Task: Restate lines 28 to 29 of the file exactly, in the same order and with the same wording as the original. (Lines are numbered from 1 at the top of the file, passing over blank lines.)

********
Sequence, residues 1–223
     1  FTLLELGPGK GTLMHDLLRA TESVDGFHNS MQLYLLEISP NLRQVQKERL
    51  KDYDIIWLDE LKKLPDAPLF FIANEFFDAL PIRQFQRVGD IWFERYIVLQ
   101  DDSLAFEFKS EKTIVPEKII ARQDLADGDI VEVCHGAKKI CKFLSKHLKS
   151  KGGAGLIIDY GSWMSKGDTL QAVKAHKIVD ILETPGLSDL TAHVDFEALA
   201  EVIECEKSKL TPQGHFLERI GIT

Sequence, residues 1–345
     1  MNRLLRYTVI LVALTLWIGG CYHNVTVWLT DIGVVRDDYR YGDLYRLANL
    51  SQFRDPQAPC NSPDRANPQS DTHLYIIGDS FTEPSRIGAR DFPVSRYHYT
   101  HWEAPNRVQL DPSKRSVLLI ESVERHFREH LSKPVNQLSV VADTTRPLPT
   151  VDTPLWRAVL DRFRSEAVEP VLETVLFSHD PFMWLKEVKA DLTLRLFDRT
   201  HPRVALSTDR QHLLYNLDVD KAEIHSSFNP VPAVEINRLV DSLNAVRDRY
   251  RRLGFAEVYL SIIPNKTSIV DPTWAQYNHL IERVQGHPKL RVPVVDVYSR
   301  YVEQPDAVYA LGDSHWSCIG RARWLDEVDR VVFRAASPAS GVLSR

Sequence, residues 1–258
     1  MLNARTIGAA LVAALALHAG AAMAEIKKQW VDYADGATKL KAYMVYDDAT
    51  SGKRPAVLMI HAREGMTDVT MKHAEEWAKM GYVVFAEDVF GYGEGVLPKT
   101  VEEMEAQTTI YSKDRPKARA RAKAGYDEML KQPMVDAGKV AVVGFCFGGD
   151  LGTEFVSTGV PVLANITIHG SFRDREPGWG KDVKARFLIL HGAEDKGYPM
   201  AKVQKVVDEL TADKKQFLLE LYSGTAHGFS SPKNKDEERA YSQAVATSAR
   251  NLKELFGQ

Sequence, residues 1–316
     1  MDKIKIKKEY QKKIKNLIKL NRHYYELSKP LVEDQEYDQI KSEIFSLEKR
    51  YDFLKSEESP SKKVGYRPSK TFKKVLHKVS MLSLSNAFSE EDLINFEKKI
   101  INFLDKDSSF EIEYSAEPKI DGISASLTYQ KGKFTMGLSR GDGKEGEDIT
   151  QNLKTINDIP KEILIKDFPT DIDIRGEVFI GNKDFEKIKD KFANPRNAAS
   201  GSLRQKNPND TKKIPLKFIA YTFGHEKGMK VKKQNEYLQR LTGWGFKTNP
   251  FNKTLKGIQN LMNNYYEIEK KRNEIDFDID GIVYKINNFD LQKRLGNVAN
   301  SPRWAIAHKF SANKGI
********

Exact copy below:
   251  FNKTLKGIQN LMNNYYEIEK KRNEIDFDID GIVYKINNFD LQKRLGNVAN
   301  SPRWAIAHKF SANKGI